aspect of intergroup relationships.40 Some islands were better able to support gardening and
crops and, for others, fishing provided the main food source. Other islands, due to their size
and vegetation, provided wildlife and game. Thus Islanders were, and continue to be, gardeners,
fishers and hunters, as well as warriors. They were also expert sailors and navigators, with
reference to this important traditional and contemporary skill of using the stars for navigation,
symbolised in the flag of the Torres Strait.
Early recodrded history
Much of the early recorded history between Europeans and Islanders suggests that the
interaction was punctuated by attacks and reprisals.45 Mosby posits that Europeans’ attitudes
towards Islander territory and custom reflected their ‘masters of the situation’ mentality,
disregarding Islander ways. Today, many resources aimed at facilitating good working
relationships with Torres Strait Islanders focus on the need for visitors to respect Ilan Pasin and
Islander ways of working, rather than assume certain privileges or levels of access.40,46-48 See also
Chapter 15 (Dudgeon and Ugle) on communication and engagement.
The Coming of the Light
While the Strait was seen as a strategic waterway in terms of trade and natural resources, the population was also seen as valuable to the efforts of Christian missionaries, in particular the London Missionary Society which targeted Torres Strait Islanders and other groups in the area for conversion to Christianity.49 Their arrival at Darnley Island on 1 July 1871 has become known as the ‘Coming of the Light’ whereby the light of Christ was brought into the ‘heathen’ darkness of the Torres Strait.45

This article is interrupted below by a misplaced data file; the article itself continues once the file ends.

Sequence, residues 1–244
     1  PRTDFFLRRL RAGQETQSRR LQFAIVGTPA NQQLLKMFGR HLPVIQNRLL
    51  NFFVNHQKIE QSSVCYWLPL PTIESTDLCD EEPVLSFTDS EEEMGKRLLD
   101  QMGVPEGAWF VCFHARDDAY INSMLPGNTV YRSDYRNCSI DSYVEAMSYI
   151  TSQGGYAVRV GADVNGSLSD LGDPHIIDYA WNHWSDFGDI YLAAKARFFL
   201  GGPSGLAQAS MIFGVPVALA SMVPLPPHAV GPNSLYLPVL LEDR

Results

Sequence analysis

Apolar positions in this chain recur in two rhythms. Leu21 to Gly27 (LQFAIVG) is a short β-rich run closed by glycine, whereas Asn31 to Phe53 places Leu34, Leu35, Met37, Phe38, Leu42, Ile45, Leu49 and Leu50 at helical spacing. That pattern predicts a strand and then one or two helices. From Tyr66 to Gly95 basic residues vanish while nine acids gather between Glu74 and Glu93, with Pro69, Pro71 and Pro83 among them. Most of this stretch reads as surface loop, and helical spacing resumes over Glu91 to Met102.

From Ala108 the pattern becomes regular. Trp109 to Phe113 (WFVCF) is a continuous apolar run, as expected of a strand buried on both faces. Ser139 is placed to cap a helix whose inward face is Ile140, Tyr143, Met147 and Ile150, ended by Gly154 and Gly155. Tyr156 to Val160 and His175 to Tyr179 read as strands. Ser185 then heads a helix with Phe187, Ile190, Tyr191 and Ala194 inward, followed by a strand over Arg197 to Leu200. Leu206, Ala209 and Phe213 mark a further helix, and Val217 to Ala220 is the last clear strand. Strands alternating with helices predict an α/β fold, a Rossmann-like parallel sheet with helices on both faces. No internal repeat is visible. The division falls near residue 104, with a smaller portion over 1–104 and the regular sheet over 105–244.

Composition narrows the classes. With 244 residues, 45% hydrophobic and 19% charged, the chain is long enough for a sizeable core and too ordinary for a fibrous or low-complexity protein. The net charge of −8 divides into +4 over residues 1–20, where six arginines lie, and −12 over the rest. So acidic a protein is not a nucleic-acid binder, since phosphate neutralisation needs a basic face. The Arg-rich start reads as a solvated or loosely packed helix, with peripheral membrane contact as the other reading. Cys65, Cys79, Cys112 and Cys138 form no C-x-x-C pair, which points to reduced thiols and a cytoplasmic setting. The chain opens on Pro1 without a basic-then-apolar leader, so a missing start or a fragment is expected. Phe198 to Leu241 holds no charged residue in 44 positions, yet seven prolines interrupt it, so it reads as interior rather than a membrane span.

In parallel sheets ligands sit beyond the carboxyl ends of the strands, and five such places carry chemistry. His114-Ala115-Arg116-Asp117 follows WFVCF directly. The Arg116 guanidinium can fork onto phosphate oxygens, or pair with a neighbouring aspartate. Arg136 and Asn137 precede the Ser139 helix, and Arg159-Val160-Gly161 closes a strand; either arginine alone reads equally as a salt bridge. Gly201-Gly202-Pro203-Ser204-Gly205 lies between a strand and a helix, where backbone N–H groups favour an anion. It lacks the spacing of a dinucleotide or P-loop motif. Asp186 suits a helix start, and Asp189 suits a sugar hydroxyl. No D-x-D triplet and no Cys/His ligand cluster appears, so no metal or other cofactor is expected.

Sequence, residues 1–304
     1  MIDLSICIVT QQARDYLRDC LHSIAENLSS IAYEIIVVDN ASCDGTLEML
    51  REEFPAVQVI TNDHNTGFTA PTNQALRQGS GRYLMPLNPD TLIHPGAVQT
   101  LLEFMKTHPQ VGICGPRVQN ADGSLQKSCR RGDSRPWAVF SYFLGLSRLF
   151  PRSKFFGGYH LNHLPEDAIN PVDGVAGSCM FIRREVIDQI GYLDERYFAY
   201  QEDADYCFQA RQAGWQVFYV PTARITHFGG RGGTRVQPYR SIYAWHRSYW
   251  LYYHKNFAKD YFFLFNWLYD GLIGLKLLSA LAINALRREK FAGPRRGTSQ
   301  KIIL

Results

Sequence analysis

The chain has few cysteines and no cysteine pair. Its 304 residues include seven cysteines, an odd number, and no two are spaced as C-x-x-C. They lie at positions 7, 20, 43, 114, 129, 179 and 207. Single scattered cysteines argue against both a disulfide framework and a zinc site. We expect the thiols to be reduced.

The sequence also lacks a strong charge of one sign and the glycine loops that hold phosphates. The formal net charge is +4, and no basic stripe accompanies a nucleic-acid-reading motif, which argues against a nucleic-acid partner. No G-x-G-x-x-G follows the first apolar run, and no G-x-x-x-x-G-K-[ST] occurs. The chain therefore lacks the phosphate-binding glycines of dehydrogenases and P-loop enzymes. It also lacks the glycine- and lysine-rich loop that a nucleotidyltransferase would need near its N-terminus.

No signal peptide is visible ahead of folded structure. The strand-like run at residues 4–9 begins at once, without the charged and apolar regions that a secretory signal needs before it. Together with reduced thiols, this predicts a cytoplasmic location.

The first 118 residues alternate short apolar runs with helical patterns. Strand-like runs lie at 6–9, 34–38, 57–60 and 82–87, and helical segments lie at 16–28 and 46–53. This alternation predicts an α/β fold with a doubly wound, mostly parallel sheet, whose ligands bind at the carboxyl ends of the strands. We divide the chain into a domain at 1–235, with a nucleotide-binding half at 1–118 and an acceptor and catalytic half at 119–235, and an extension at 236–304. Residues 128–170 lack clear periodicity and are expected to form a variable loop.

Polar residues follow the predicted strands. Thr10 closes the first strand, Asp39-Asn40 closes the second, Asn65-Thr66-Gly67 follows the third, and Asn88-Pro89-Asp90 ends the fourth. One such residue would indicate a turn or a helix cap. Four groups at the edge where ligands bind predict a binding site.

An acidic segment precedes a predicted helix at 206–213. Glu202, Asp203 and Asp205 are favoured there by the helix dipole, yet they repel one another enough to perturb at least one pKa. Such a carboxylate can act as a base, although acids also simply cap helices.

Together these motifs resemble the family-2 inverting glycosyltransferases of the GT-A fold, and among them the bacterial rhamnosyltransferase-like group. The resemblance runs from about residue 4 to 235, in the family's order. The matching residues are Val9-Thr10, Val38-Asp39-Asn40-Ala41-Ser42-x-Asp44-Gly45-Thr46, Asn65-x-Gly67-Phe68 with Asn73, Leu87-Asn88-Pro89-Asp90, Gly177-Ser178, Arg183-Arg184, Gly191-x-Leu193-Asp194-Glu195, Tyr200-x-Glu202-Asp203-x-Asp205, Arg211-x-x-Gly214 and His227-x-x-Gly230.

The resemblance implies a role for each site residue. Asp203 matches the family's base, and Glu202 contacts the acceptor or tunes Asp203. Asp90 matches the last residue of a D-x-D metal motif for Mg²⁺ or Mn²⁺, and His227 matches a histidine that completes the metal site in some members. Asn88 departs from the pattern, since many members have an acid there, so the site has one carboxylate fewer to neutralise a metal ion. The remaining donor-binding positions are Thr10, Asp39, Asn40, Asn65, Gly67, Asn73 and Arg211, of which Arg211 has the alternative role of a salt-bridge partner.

There are mixed opinions about the introduction of Christian religion and other influences to the Straits. While the conduct of anthropological, psychological and other research activities such as the Cambridge expedition (led by Haddon, 1912) (including the collection and removal of artefacts) were carried out as scientific imperatives of the time, recently authors suggest this period helped define the prevailing Islanders as ‘souls needing to be rescued’.49(p15) While there were many disadvantages of missionary influences, such as the destruction of traditional cultural practices, responses to its encroachment varied.50
From the mid-19th century onwards, Torres Strait Islanders experienced momentous change from their increasing contact with Europeans. The emerging maritime industries of fishing, pearling and beche-de-mer (sea slug) collection were attractions. Islanders adjusted to the new lifestyle being introduced to the region through maritime industries, religion and government administration. The development of trade and industries also brought an influx of workers whose cultural diversity has helped shape Islander culture and identity.